To constitute fraud Dr. Rand must also prove that National Financial made the misrepresentation knowingly and intentionally, not as a result of mistake or accident; that is, that National Financial either knew or should have known of the falsity of the misrepresentation ․ (emphasis added)
This was a misstatement of Florida fraud law. Under Florida law, “to prove fraud, a plaintiff must establish that the defendant made a deliberate and knowing misrepresentation designed to cause, and actually causing detrimental reliance by the plaintiff.” First Interstate Dev. Corp. v. Ablanedo, 511 So.2d 536, 539 (Fla.1987). Here, because of the phrase “should have known”, the jurors were instructed improperly that NFIC could have committed fraud without knowing whether or not Dr. Rand was totally disabled. Because the jury instructions misstated the law to the prejudice of NFIC, we grant NFIC's request for a new trial on this issue.
Finally, NFIC argues that a new trial should be granted on the breach of contract claim because the trial court should have instructed the jury on its waiver and estoppel defenses. Reversal for failure to give an instruction is warranted only “if the failure to give the instruction resulted in prejudicial harm to the requesting party.” Palmer, 208 F.3d at 973. With regard to estoppel, NFIC asked for a jury instruction that “by failing to timely file claims, Plaintiff has prevented Defendant from exercising its contractual right to fully evaluate and investigate the Plaintiff's claims at the time they arose and, therefore, Plaintiff should be estopped from recovering on those claims.” The special verdict form makes clear, however, that the jury found that Dr. Rand had not failed to submit timely claims. NFIC therefore was not prejudiced by the failure to give the estoppel instruction. As for the proposed waiver instruction, NFIC failed to produce any evidence that Dr. Rand intended to relinquish his right to recover under the policies, which is an essential element of that defense. Therefore there was no prejudice in the failure to give a waiver instruction.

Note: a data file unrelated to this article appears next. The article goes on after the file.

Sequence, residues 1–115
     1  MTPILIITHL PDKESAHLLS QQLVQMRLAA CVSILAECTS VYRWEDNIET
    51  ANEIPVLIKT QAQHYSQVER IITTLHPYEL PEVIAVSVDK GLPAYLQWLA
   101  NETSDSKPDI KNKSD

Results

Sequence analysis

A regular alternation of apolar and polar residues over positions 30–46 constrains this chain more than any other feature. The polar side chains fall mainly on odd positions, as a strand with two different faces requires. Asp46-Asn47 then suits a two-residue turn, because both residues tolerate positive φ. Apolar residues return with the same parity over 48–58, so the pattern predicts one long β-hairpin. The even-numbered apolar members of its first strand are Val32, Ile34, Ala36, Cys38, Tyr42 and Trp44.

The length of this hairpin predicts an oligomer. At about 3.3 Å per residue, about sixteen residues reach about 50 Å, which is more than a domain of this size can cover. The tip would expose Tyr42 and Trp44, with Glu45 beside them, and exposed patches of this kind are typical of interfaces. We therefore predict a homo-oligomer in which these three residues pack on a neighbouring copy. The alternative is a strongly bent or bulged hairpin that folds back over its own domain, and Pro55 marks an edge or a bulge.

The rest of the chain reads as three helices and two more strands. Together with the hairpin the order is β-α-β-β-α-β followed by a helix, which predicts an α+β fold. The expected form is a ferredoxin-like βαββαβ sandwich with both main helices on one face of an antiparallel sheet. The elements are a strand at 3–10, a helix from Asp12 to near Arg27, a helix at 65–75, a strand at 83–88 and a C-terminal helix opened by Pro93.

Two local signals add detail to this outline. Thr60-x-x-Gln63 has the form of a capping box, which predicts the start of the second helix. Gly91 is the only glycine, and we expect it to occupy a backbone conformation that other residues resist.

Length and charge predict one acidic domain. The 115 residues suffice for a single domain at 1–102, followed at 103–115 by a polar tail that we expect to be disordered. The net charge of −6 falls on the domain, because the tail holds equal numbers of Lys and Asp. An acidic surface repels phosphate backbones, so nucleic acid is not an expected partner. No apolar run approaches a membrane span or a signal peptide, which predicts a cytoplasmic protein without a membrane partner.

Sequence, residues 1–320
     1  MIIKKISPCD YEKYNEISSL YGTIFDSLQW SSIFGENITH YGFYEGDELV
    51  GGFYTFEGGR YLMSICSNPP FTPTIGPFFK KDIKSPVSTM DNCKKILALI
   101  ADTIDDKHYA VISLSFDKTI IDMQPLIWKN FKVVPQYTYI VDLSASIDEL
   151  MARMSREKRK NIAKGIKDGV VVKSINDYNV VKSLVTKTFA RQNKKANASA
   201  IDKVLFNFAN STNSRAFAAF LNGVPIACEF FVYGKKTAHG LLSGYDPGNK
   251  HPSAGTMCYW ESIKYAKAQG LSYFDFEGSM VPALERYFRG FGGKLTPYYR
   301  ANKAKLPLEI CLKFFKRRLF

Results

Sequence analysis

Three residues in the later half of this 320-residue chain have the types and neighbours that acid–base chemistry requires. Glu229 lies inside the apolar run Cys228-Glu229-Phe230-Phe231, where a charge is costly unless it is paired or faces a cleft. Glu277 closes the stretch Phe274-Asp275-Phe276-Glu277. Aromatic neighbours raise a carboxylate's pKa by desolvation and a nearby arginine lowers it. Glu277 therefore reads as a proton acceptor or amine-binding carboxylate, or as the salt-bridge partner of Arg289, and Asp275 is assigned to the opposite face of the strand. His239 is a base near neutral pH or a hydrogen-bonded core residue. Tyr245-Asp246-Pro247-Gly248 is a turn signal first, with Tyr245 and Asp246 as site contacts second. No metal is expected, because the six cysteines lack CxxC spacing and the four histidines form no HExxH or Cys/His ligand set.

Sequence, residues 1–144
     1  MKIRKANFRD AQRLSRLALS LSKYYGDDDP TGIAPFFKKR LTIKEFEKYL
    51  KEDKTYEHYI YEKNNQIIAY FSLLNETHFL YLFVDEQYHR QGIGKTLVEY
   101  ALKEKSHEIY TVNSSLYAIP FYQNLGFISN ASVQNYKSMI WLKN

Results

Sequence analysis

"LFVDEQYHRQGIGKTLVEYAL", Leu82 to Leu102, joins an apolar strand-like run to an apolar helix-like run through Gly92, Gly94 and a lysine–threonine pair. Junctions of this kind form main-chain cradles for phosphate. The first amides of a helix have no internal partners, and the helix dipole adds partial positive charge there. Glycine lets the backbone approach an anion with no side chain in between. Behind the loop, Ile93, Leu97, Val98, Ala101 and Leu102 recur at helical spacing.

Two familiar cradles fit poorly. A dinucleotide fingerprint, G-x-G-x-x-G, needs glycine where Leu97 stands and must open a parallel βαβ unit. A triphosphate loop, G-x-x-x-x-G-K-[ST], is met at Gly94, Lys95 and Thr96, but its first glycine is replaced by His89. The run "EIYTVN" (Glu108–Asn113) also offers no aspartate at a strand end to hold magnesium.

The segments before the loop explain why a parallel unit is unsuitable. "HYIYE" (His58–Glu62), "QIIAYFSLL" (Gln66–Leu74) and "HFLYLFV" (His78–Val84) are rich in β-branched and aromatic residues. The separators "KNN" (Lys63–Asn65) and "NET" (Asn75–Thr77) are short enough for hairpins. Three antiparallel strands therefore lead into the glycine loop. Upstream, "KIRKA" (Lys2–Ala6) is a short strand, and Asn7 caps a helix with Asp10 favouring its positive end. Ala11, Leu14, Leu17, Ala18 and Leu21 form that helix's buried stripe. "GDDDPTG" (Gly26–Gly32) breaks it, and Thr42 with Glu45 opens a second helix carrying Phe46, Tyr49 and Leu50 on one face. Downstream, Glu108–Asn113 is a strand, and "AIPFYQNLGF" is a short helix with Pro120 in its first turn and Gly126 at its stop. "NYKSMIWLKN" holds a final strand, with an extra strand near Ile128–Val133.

For the foregoing reasons, we AFFIRM the denial of NFIC's motion for judgment as a matter of law, we REVERSE the denial of NFIC's new trial motion with respect to the fraud count, and we AFFIRM the denial of NFIC's new trial motion with respect to the failure to give waiver and estoppel instructions.
1. NFIC argues that it would have been impossible for it to move for a directed verdict after the close of evidence and before the jury began deliberations, because the trial court allowed some evidence to be admitted after the jury had already begun deliberating. This argument might be persuasive if NFIC had made a directed verdict motion at the time the case was submitted to the jury or at the time that evidence was closed. NFIC failed to make a directed verdict motion at either time, however, and therefore failed to even arguably meet the requirements of Federal Rule of Civil Procedure 50(b).
2. A party's failure to move for a directed verdict at the close of evidence does not prevent our review of the district court's denial of motion for a new trial. See United States v. Reisz, 718 F.2d 1004, 1007 (11th Cir.1983).